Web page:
Natural disasters like Typhoon Haiyan–which devastated the Philippines in 2013–displace more people than war, according to the Internal Displacement Monitoring Center in Geneva. And as climate change sets off increasingly lethal natural disasters, so will the numbers of environmental refugees increase, Reuters reported.
It is a reality that governments must prepare themselves for. In 2013, some 22 million people were displaced by extreme natural disasters like typhoons, earthquakes and tsunamis, a number three times the number of those who were forced to migrate because of war, according to the IDMC.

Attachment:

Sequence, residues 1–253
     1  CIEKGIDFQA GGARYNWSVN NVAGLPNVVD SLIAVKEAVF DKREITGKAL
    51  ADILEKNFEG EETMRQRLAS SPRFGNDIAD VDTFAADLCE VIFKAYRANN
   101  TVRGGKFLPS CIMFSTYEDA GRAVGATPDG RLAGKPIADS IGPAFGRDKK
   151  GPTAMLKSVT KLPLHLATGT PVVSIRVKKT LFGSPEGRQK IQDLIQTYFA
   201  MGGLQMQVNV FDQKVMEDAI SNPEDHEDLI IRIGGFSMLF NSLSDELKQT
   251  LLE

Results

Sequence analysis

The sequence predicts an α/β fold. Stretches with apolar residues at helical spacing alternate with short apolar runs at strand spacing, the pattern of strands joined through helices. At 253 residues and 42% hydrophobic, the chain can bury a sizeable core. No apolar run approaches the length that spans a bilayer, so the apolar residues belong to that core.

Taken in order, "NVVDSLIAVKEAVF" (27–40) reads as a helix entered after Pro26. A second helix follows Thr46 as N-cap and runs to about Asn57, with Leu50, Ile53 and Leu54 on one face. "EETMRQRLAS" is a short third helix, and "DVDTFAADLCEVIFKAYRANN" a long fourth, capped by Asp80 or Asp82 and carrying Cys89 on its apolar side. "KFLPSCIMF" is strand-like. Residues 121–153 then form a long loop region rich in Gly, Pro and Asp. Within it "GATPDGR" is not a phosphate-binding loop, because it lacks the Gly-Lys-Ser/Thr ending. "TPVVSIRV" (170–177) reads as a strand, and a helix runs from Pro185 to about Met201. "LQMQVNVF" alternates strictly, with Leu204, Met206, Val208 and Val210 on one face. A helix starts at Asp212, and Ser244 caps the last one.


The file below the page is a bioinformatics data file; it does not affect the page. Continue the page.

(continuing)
“Many more people in a growing population live more exposed to extreme weather,” Jan Egeland, the head of the Norwegian Refugee Council, which runs the IDMC, said this week at a conference in Oslo, Norway.
Climate change, rising sea levels, and extreme weather are decimating people’s homes and access to safe food and water. In 2011, experts predicted that by the year 2020, just five years from now, some 50 million people will be forced to migrate because of environmental degredation. Earlier this summer, New Zealand accepted a family Grist called the world’s first official environmental refugees, who cited climate change as the reason why they had to flee their homeland.